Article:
Maintaining State-Aware Mode and Responding to Errors
Once a session is marked as state-aware and the Web Gateway has acknowledged the state-transition and marked the connection as private, the session transparently operates in state-aware mode until one of the following events occurs:
The application transitions back to a stateless mode of operation.
The application programmatically ends the session or the session times out.
The private connection closes prematurely as a result of some error condition.
If the private connection hosting a state-aware application is prematurely closed (perhaps as a result of an error condition), the Web Gateway routes the request to a free stateless connection in the pool and InterSystems IRIS error number 5974 is returned:
CSP error occurred Error: The persistent session is no longer available because the server process does not exist ErrorNo: 5974 CSP Page: /csp/samples/loop.csp Namespace: %SYS Class: <Unknown>
At this point, the request is operating in stateless mode and it is the application’s responsibility to respond to this error: for example, by directing the user back to the login form for the application.
When operating in state-aware mode, the value of %session.NewSession should be checked in every page. Alternatively, the application should check the validity of user specific authentication data stored in %session.Data when the user was first authorized to access the application. These checks are important for security reasons and to ensure that the user session is still securely locked-in to a state-aware mode of operation. An error condition is not automatically raised under these circumstances because it is possible that the session had already (and legitimately) transitioned out of state-aware mode. For example, consider the situation where an incoming session token is still marked as state-aware but the application had already transitioned to stateless mode – this situation arising as a result of a session token being embedded in a form (as CSPCHD) that was served before the transition was made.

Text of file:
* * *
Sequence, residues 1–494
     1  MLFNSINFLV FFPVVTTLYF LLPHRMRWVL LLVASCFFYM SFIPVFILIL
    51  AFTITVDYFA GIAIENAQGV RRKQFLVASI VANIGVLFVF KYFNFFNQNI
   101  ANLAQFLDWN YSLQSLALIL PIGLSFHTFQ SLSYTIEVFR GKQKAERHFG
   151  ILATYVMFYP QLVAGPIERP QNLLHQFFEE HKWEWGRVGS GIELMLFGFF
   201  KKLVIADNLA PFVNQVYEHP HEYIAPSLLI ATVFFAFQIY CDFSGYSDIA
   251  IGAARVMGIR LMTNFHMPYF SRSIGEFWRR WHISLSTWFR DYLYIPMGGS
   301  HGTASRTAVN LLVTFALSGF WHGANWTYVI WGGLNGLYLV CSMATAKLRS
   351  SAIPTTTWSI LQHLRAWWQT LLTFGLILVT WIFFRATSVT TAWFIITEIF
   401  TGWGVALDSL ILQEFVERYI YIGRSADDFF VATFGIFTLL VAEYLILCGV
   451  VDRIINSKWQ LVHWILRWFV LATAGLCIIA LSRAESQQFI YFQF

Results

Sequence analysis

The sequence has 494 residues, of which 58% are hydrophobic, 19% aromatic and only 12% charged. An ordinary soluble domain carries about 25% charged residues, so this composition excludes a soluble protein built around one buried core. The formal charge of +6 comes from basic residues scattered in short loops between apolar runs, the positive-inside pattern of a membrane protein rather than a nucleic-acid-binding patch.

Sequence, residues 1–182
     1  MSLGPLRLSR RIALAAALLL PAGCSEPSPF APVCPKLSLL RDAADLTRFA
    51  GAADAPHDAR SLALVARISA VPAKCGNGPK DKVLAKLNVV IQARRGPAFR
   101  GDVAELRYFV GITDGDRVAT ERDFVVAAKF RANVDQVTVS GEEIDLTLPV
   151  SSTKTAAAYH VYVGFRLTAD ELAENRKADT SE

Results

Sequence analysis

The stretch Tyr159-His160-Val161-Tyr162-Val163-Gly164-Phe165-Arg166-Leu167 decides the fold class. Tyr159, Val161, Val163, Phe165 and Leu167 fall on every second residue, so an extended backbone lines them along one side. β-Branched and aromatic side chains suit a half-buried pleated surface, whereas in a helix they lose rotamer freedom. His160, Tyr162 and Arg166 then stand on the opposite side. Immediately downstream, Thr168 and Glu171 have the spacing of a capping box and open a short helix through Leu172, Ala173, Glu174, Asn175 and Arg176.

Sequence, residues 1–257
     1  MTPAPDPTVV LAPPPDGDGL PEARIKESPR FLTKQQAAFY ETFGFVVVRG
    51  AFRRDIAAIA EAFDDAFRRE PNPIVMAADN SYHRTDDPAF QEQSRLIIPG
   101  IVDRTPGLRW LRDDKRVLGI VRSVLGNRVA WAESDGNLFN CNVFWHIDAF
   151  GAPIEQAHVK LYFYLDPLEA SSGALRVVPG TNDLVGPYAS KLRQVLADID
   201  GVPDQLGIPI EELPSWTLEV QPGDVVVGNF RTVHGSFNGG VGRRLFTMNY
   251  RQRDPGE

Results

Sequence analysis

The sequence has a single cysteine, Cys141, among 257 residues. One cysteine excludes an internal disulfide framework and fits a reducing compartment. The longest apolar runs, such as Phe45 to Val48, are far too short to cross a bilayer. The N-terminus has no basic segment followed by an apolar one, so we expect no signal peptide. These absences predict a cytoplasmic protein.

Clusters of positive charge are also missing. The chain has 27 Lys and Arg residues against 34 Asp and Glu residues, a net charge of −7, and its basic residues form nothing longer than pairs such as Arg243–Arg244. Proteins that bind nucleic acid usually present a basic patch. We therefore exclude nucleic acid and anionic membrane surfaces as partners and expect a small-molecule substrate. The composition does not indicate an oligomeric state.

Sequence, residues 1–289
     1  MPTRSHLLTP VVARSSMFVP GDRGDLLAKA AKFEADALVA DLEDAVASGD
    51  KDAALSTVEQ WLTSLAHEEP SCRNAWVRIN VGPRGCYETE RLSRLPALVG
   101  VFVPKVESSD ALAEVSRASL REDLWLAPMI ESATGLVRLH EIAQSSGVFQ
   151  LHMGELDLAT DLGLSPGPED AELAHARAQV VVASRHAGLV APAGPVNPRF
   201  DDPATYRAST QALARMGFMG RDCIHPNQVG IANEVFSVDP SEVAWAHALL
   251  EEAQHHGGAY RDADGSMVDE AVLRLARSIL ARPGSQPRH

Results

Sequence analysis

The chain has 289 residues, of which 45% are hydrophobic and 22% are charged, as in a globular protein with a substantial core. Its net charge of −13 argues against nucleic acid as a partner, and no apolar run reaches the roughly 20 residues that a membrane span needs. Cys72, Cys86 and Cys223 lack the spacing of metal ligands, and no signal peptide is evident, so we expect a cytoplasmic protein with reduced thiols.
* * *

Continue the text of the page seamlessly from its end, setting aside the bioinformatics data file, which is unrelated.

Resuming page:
Finally bear in mind that when a session is terminated (for example, after it has timed out) the CSP engine deletes all operational data associated with the session, after which point any further incoming requests for that session are treated as though they are for a new session.
The embedded security mechanisms provided by InterSystems IRIS for web applications offer protection against the eventualities outlined above. Users are automatically directed to the login form in all cases where a loss of continuity within a state-aware application occurs (with respect to InterSystems IRIS process).
Terminating State-Aware Mode
An application can revert back to a stateless mode of operation by setting the preserve mode as follows:
Set %session.Preserve = 0
It is recommended that this code be executed in the form’s OnPreHTTP method:
<script language=objectscript method=OnPreHTTP arguments="" returntype=%Boolean> Set %session.Preserve = 0 Quit 1 </script>
Issuing the instruction here means that the CSP engine can mark the session cookie (or token) as stateless before formulating and dispatching the HTTP response headers to the Web Gateway.
A session can be immediately terminated as follows:
Set %session.EndSession = 1
When you set this property, the session terminates immediately after serving the current request.
You can set a session to timeout as follows:
Set %session.AppTimeout = 900
The session times out and terminates after the prescribed number of seconds of inactivity. The default is 900 seconds (15 minutes).